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The dynamics of naturally acquired immunity to Plasmodium falciparum infection.

Pinkevych M, Petravic J, Chelimo K, Kazura JW, Moormann AM, Davenport MP - PLoS Comput. Biol. (2012)

Bottom Line: Here we analyse the dynamics of Plasmodium falciparum malaria infection after treatment in a cohort of 197 healthy study participants of different ages in order to model naturally acquired immunity.We find that both delayed time-to-infection and reductions in asymptomatic parasitaemias in older age groups can be explained by immunity that reduces the growth of blood stage as opposed to liver stage parasites.We found that this mechanism would require at least two components - a rapidly acting strain-specific component, as well as a slowly acquired cross-reactive or general immunity to all strains.

View Article: PubMed Central - PubMed

Affiliation: Centre for Vascular Research, University of New South Wales, Sydney, New South Wales, Australia.

ABSTRACT
Severe malaria occurs predominantly in young children and immunity to clinical disease is associated with cumulative exposure in holoendemic settings. The relative contribution of immunity against various stages of the parasite life cycle that results in controlling infection and limiting disease is not well understood. Here we analyse the dynamics of Plasmodium falciparum malaria infection after treatment in a cohort of 197 healthy study participants of different ages in order to model naturally acquired immunity. We find that both delayed time-to-infection and reductions in asymptomatic parasitaemias in older age groups can be explained by immunity that reduces the growth of blood stage as opposed to liver stage parasites. We found that this mechanism would require at least two components - a rapidly acting strain-specific component, as well as a slowly acquired cross-reactive or general immunity to all strains. Analysis and modelling of malaria infection dynamics and naturally acquired immunity with age provides important insights into what mechanisms of immune control may be harnessed by malaria vaccine strategists.

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Related in: MedlinePlus

A distribution in growth rates explains differences in reinfection curves.Panel A. Optimal fit of a model allowing variation only in mean parasite multiplication rate (PMR) between groups. Panel B. The mean PMR for each group and the distributions. The shaded area at left indicates where PMR <1, and the parasite population does not grow, Panel C. Given the distribution in PMR, we can also calculate the distribution of delay as a distribution of a function of a random variable. Blue triangle and blue line- C1, green diamond and green line - C2, orange square and orange line - C3, red circle and red line - A.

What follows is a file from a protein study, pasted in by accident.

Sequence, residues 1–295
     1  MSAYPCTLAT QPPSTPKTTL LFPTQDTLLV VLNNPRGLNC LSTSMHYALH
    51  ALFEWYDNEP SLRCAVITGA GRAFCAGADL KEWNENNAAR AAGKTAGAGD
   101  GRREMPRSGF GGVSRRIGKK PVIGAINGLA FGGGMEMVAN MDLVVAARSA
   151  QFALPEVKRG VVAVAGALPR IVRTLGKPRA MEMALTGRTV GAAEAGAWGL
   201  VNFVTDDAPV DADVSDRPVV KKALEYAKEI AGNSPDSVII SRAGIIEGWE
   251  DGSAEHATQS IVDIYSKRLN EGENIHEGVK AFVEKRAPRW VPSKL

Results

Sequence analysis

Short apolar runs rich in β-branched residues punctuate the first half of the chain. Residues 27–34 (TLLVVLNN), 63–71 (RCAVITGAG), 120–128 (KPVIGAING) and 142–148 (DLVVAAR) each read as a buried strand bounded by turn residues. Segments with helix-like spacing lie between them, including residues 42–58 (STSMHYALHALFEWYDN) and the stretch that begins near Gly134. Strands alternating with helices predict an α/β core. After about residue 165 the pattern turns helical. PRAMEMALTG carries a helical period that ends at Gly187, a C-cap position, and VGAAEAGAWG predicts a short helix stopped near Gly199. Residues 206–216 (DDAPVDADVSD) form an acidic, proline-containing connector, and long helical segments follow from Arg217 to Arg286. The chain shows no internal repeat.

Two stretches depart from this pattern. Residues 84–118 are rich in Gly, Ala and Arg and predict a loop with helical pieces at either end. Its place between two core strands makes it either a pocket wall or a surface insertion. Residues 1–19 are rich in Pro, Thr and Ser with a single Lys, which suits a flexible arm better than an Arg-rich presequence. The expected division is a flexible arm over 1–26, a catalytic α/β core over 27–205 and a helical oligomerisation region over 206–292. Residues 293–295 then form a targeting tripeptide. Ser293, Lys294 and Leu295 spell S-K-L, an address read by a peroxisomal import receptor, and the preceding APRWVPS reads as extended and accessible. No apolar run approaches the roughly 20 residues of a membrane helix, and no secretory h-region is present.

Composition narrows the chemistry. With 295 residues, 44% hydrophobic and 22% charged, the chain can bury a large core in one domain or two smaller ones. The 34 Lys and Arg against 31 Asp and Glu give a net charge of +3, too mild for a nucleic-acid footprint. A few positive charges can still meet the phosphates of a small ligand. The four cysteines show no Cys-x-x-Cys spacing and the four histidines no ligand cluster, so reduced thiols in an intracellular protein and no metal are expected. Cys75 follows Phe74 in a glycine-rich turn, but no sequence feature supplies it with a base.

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pcbi-1002729-g003: A distribution in growth rates explains differences in reinfection curves.Panel A. Optimal fit of a model allowing variation only in mean parasite multiplication rate (PMR) between groups. Panel B. The mean PMR for each group and the distributions. The shaded area at left indicates where PMR <1, and the parasite population does not grow, Panel C. Given the distribution in PMR, we can also calculate the distribution of delay as a distribution of a function of a random variable. Blue triangle and blue line- C1, green diamond and green line - C2, orange square and orange line - C3, red circle and red line - A.

Mentions: Remarkably, allowing only the average PMR to vary between age groups captures the main features of the natural infection profiles. We see both the increasing delay with age, as well as the early rapid increase in infection rates followed by an apparent slowing down of the rate of infection (Fig. 3A). With this model of a distribution in PMRs, we can now understand the unusual shape of the adult infection curve: The early slow shoulder of the curve represents the small fraction of infections that grow rapidly, and are detected early (the right hand side of the distribution in Fig. 3B). The rapid phase of infection is around the mean of the PMR curve, and the apparent slowing represents the very slowly growing infections, which are not detected during the 11 weeks of analysis. Because of the distribution of growth rates, there is a proportion of infections where the PMR <1 (shaded in Fig. 3B), implying the number of parasites decreases at each round of infection (each currently infected RBC infects less than one RBC in next round). In children, with mean PMR of ≈3.8, only a small proportion of infections have PMR <1. However, for the adults, with mean PMR ≈1.35, a large proportion of bites (≈24%) have PMR <1, which is why we see an apparent slowing of the infection rate later in the study. We note that by contrast simply allowing a distribution of the level of liver stage immunity alone does not improve the fit of the liver stage model (see [Text S3] for a detailed description of the model ).